medium into a hyperboloid, leading to elec-
tromagnetic states unique to the metamate-
rial ( 12, 13). An infi nite number of metama-
terial states can lie on this hyperboloid (in the
low-loss, effective-medium limit), increas-
ing the interaction with the quantum emit-
ter while simultaneously channeling the light
into a subdiffraction single-photon resonance
cone ( 12) (see the fi gure, panel B). Currently,
losses present a formidable challenge to prac-
tical applications, but the new class of alter-
nate plasmonic materials can lead to quan-
tum-vacuum engineered devices with these
“hyperbolic” metamaterials ( 14).
The future of nanophotonics is bright,
with many possibilities of interfacing with
quantum optics to address challenges of qubit
scalability and communication. One topic to
be addressed in the near future is single-pho-
ton switching and routing. Single photons do
not talk to each other, but efforts are under
way to use plasmon-mediated interactions
for this purpose ( 15). It is quite likely that
the hybrid excitation that combines photons
and electrons will be the carrier of choice in
future quantum information systems.
References and Notes
1. M. L. Brongersma, V. M. Shalaev, Science 328, 440 (2010).
2. A. V. Akimov et al., Nature 450, 402 (2007).
3. R. Kolesov et al., Nat. Phys. 5, 470 (2009).
4. S. Fasel et al., Phys. Rev. Lett. 94, 110501 (2005).
5. A. Huck et al., Phys. Rev. Lett. 102, 246802 (2009).
6. E. Altewischer et al., Nature 418, 304 (2002).
7. D. J. Bergman, M. I. Stockman, Phys. Rev. Lett. 90, 027402
8. J. Zuloaga et al., Nano Lett. 9, 887 (2009).
9. I. Aharonovich et al., Nat. Photonics 5, 397 (2011).
10. A. Huck et al., Phys. Rev. Lett. 106, 096801 (2011).
11. Z. Jacob et al., http://arxiv.org/abs/0910.3981 (2009).
12. Z. Jacob et al., Appl. Phys. B Lasers Opt. 100, 215 (2010).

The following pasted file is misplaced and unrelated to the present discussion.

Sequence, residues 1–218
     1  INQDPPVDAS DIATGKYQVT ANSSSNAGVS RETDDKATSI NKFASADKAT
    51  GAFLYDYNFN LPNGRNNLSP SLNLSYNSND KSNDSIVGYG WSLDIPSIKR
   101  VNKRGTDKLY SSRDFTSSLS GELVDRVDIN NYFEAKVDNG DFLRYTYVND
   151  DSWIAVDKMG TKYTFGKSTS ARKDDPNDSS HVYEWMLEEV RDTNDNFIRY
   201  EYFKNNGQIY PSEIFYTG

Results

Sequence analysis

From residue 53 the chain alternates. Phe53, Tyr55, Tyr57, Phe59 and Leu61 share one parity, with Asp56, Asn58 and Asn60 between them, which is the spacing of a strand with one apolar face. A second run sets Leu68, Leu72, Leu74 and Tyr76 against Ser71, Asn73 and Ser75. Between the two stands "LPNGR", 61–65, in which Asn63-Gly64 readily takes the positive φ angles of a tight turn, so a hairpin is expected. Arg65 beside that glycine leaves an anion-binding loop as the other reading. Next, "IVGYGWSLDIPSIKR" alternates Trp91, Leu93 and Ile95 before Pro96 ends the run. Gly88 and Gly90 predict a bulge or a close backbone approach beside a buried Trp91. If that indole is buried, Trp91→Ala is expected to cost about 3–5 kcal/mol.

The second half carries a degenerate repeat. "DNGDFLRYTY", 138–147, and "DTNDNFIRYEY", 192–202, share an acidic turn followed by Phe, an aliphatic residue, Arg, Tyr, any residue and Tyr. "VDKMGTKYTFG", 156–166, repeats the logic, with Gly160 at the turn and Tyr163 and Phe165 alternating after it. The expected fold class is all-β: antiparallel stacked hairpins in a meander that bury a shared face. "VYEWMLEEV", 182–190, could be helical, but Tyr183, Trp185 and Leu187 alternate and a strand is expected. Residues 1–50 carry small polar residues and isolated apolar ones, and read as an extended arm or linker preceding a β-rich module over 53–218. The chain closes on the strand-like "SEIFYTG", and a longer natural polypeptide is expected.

13. M. A. Noginov et al., Opt. Lett. 35, 1863 (2010).
14. A. Boltasseva, H. A. Atwater, Science 331, 290 (2011).
15. D. E. Chang et al., Nat. Phys. 3, 807 (2007).
16. This work was supported in part by Army Research Offi ce–
Multidisciplinary University Research Initiative (ARO-MURI)
grant W911NF-0910539, ONR-MURI grant N00014-
010942, and Natural Sciences and Engineering Research
Council of Canada Discovery grant 402792. Z.J. acknowl-
edges input from W. Newman.
wo reports in this issue probe sin-
gle protein chains as they spontane-
ously unfold and refold. On page 517
The Shaw group previously succeeded
in modeling the folding of a 35-residue pro-
tein in the presence of water molecules ( 3).
Lindorff-Larsen et al. now show that these
methods are suitable for probing the folding
of larger, more complex proteins. In addi-
tion to matching experimental folding rates,
the authors obtain native-like models for 12
proteins, which contain helices and sheets
and are up to 80 residues long. For most of
the proteins, the trajectories contain discrete
transitions between the native and unfolded
states. This behavior is consistent with bar-
rier-limited cooperative folding, the hallmark
of the experimental folding reaction.
Whether folding occurs along a diverse
set of routes elicits diverse opinions, with
many researchers favoring extensive path-
way heterogeneity due to the complexity of
the system ( 4). Yet, Lindorff-Larsen et al.
fi nd that for nine of their proteins, hetero-
geneity is minimal, with the routes typically
sharing over 60% of their native contacts.
They conclude that these routes are best
viewed as variations of a single folding path-
way. This lack of pathway diversity is consis-
tent with experimental studies where transi-
tion state heterogeneity was not observed ( 5).
However, in the simulations of two β sheet–
containing proteins, the order of strand for-
mation can vary. For a protein G variant, the
observation of two pathways is consistent
with experimental work, which found that
the folding order of the two hairpins can be
manipulated ( 6). Generally, symmetric ( 7, 8)
and multidomain proteins are strong candi-
dates for multiple pathways, because differ-
ent portions can form fi rst.
1Department of Biochemistry and Molecular Biology, Insti-
tute for Biophysical Dynamics, Computation Institute, Chi-
cago, IL 60637, USA. 2Department of Chemistry, University
of Chicago, Chicago, IL 60637, USA.
Published by AAAS
on December 21, 2011